CANFIELD – From both a human and a divine perspective, the family has much to offer both Church and society, Bishop George V. Murry, S.J., told a gathering at St. Michael Parish here.
Speaking at the first of two “Another Two Nights on the Family” presentations Feb. 13, Bishop Murry addressed 50 people, noting that the family, despite difficulties, has a unique role in day-to-day human life as well as in evangelization of the world.
The crowd included grandparents, parents, one baby in arms and a toddler running around carrying his juice bottle and making frequent trips to the snack table for cookies.
Bishop Murry frequently cited the teaching of the Second Vatican Council, “The Catechism of the Catholic Church,” and “The Compendium of the Social Doctrine of the Church,” as well as Pope Francis’ 2016 apostolic exhortation, “The Joy of Love” (“Amoris Laetitia”).
Pope Francis wrote the exhortation in response to the 2014-15 Synod of Bishops on the Family, which gathered bishops from all around the world in Rome.
Dave Schmidt, director of the diocesan Office of Pro-Life, Marriage, and Family Ministry, which co-sponsored the evening with the Youngstown Council of Catholic Nurses and the Medical Association of the Diocese of Youngstown, introduced Bishop Murry, who was one of nine U.S. bishops who attended the synod.
Quoting from the Catechism, Bishop Murry noted that the family “is the basic unit of society,” which fosters the growth of each person and holds society together. The family is where human life is conceived and nurtured and parents are ‘the first teachers of the faith.”
Theologically, “the family finds its full meaning in the Christian family,” he continued. “God himself is the author of marriage.”
In fact, Bishop Murry explained, the Catechism describes the family as an “ecclesial community,” which Vatican II referred to as “the Domestic Church.” The family, as “a communion of persons,” actually reflects the Trinity.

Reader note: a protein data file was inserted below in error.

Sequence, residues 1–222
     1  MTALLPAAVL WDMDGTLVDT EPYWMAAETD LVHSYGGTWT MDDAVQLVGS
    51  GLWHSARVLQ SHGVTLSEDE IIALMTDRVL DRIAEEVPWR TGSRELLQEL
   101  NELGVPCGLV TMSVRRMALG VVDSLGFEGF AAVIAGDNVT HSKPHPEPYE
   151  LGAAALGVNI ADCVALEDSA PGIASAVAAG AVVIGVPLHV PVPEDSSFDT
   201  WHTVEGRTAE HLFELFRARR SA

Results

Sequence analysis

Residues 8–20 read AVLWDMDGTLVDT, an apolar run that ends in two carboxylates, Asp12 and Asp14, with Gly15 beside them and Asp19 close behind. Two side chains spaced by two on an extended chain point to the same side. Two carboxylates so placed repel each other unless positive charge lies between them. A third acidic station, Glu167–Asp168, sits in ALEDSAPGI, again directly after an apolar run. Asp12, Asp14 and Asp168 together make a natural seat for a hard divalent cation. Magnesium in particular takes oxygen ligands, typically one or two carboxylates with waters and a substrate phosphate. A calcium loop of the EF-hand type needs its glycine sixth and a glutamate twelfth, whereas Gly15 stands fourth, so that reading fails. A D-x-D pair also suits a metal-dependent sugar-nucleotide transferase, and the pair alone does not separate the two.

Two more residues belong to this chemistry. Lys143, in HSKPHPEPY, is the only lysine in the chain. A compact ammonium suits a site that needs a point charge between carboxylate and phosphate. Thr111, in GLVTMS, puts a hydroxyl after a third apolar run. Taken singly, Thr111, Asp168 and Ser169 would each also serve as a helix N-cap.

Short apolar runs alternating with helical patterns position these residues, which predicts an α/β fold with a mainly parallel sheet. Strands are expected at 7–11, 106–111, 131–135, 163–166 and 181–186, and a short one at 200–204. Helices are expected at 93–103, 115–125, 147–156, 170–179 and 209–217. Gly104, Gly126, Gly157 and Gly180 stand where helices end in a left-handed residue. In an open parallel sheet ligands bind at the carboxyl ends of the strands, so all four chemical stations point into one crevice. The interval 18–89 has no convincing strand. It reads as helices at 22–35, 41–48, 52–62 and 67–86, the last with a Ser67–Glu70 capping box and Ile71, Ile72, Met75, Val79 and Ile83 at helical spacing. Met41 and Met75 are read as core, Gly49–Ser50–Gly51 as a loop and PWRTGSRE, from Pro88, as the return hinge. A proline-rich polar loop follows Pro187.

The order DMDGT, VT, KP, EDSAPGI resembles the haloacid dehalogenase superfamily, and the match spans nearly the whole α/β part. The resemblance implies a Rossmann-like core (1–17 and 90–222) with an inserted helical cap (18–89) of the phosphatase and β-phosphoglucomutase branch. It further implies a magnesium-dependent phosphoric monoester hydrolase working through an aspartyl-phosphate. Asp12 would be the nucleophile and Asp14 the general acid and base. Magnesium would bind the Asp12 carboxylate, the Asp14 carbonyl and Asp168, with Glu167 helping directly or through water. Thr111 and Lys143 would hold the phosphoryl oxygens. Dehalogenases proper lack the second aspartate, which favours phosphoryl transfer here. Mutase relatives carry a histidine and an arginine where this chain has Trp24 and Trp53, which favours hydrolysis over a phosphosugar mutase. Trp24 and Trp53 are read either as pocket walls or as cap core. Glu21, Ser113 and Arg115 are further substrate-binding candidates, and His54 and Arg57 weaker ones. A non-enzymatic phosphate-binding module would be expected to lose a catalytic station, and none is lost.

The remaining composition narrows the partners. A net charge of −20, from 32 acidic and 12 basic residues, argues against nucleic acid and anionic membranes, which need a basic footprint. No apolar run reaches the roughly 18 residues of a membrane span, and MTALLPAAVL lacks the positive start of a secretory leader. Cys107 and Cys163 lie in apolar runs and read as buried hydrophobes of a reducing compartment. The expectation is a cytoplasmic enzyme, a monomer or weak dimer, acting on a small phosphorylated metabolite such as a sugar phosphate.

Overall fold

The bishop noted that, while such documents as the Catechism or Compendium employ somewhat “ethereal language,” Pope Francis speaks with his characteristic directness and down-to-earth style about both the virtues of the family and the problems it faces.
“He has a unique ability to talk about real issues and how our lives are affected,” Bishop Murry added.
For example, Pope Francis explained that the family struggles against such forces as technology, which can reduce the family from being a communion of persons to “individuals who happen be living in the same house.”
One might see a family eating dinner in a restaurant but the children, rather than interacting with one another, are on their cell phones texting. Sometimes they are texting those seated at the table with them, Bishop Murry said, drawing sympathetic laughter from the audience.
“They are not part of the experience” of the family’s being together when they isolate themselves in that way, Bishop Murry said.
He spoke of visiting Africa and hearing African bishops express concern about what they see as the rise of American technology. Intending no disrespect, one bishop said: “I wish you Americans would keep your technology to yourselves.”
Other pressures on family life that Pope Francis cited include secularization, poverty, unemployment, the effects of war and forced migration, substance abuse,
artificial contraception and abortion, and the prevalence of wounded and broken families.
To address those concerns, the bishop continued, Pope Francis called for the Church to strive to improve marriage preparation but also to work on “accompanying couples” through the stages of marriage, offering assistance.
Pope Francis also called on Church minsters to “avoid judgment” when working with struggling families who may fall short of all that the Church calls families to be.
In response to a question, Bishop Murry explained that a few cardinals have expressed concern over the pope’s proposal, under limited circumstances, to have a pastor allow a couple in an irregular marriage to receive Communion if there is no possibility at the present time for them to regularize their marriage.
Bishop Murry said that the concern was exaggerated because the pope called for use of that option only in rare situations, after extensive counseling, and with the determination that the couple understands the problematic nature of their union and are willing to address it when the opportunities arises.
Replying to another question, the bishop acknowledged concern over how many young people no longer practice their faith, but expressed hope that they could be reached.
There are good programs available, Bishop Murry said, but he emphasized that establishing a conversation with young people is most important. “It’s not programs. It’s people.”
Pope Francis also encourages Catholics to “protect your family,” which he describes as a great “treasure,” and to uphold the sanctity of human life at all stages.
The pope also sees potential for the family to evangelize the world but worries that families not centered on the Eucharist will have difficulty getting that message across, Bishop Murry said.
In response to Pope Francis’ statement that the family ideally can help young people know that they are not alone, Bishop Murry said he suspects that the intensity with which young people embrace social media might be rooted in a fear of being alone.
Bishop Murry encouraged those present to read “The Joy of Love.” “I’ll be the first to admit that it’s long,” he noted, but “the effort would be well worth it.”